Dutch researchers studying White-tailed Eagles have found that any disturbance to wading birds by the eagles is similar to that of Peregrine, and species get used to their presence; while breeding colonies of gulls and terns are effective at mobbing and driving off the eagles.

In addition to the conservation benefits, we believe that the project will give a significant boost to the Isle of Wight economy, including in winter. In Scotland eagle tourism is extremely popular and recent reports have shown White-tailed Eagles generate up to £5 million to the economy of the Isle of Mull each year, and £2.4 million to the Isle of Skye.

A feasibility report was submitted to both Natural England and Scottish Natural Heritage as part of the licence applications. This outlined the scientific and conservation rationale for the project, feedback from public meetings and surveys, and results from a range of interested groups also consulted for their views and feedback.

You can download a copy of the feasibility report here.  You can also find more detailed information about the project on our Frequently Asked Questions page.

What does the project involve?

The project is a partnership between Forestry England and the Roy Dennis Wildlife Foundation with additional support from conservation organisations and other key stakeholders and organisations based on both the Island and mainland who form the project steering group.

Juvenile White-tailed Eagles are collected under licence, issued by Scottish Natural Heritage, from nests in Scotland and translocated to the Isle of Wight in late June. They are then held in a quiet, confidential, location for approximately four-eight weeks before being released. Food (mainly fish) is provided close to the release site during the autumn and winter before the young eagles become independent. The Natural England licence permits the release of up to 60 juvenile eagles on the Isle of Wight over a five year period from 2019. The first six birds were translocated to the Isle of Wight in late June 2019 and subsequently released in August.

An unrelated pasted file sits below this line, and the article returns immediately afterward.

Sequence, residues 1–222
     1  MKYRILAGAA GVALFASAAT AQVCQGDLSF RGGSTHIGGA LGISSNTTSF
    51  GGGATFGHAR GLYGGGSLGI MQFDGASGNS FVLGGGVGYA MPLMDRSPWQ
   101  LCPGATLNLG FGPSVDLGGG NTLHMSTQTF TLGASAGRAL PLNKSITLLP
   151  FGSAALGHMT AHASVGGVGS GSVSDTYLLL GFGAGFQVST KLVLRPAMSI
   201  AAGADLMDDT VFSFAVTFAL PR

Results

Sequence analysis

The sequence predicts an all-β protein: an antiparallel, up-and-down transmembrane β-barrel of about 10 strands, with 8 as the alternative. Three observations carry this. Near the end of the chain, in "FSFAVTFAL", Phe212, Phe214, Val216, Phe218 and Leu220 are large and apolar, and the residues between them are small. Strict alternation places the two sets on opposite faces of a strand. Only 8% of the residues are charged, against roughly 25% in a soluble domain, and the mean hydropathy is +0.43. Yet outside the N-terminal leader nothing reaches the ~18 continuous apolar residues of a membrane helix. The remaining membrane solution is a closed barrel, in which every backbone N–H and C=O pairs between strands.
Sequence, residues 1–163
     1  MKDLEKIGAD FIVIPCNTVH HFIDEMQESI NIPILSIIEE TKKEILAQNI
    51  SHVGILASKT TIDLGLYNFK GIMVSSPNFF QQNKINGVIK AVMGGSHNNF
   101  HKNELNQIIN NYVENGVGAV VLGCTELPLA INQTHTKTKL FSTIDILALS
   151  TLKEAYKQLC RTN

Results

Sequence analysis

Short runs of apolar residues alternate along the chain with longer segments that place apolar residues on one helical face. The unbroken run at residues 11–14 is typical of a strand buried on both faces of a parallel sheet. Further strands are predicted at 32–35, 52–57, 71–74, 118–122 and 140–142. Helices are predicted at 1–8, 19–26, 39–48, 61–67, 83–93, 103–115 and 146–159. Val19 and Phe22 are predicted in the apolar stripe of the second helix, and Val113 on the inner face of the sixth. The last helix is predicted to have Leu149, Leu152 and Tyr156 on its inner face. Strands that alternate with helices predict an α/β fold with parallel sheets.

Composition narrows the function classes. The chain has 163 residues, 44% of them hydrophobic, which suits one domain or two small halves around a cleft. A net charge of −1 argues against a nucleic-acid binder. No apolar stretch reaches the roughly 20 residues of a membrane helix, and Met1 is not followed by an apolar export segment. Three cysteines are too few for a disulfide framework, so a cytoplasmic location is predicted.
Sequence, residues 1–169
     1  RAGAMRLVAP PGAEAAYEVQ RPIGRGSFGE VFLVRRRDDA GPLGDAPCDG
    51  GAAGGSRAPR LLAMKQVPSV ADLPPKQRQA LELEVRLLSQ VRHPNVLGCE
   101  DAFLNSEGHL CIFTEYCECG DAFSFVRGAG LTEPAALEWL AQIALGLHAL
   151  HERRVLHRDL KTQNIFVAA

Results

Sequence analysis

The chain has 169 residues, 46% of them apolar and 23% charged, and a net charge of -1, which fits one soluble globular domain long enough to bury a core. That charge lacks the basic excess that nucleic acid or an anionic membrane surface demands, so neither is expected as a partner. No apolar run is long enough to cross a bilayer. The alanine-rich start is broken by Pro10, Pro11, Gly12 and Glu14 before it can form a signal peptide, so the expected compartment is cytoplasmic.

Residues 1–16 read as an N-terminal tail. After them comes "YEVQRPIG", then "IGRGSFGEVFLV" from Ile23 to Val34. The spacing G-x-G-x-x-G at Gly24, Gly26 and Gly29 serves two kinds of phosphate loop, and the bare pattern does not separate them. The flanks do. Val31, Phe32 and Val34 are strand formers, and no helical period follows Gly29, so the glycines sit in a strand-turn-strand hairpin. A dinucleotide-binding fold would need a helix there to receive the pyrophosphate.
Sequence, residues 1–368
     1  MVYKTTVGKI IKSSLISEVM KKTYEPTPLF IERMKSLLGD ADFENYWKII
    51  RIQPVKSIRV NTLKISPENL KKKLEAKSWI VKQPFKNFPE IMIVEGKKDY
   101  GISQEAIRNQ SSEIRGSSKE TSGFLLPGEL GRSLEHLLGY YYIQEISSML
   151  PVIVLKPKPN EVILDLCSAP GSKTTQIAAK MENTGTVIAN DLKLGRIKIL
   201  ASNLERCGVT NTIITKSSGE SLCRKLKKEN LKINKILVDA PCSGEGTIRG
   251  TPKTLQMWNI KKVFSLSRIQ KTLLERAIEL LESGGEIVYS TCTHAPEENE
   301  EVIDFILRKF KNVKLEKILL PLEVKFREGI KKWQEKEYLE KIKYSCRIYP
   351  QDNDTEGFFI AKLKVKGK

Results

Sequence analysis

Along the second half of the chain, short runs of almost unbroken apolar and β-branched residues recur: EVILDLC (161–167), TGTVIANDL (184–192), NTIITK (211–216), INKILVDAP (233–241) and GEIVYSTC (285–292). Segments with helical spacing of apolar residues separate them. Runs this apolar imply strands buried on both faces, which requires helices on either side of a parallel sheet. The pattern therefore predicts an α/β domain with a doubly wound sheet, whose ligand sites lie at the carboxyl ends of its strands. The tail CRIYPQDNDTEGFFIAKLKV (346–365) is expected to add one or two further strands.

Young White-tailed Eagles do not breed until they are around five years of age. It is hoped that a small population of 6-8 pairs will become established on the Isle of Wight and in the wider Solent area, with birds spreading east and west along the South Coast thereafter. Evidence from Scotland indicates that the young White-tailed Eagles will wander widely before they breed, before eventually settling within around 50 km of the release site.

How can I get in touch with the project?

To contact the project officer, Steve Egerton-Read, who is based on the Isle of Wight, please click here.

Public Consultation

Public support has been high. 85% of the people who completed a questionnaire at three public meetings held on the Isle of Wight in November were in favour of the project. A total of 1962 people completed the same questionnaire online between 2nd and 30th November, with 86% in favour, 10% against and 4% not sure. There was clear majority support from people across the local area. Respondents to the survey from the Isle of Wight, Hampshire, Dorset and Sussex – the counties where the reintroduced birds are most likely to settle and breed in the future – were 76% in favour of the project. The public consultation also involved extensive discussions with a range of different stakeholders, and we intend to maintain this approach throughout the project.

For further information about the project check out our Frequently Asked Questions page

White-tailed Eagles have an eight foot wingspan – making them the UK’s largest bird of prey (photo by Mike Crutch)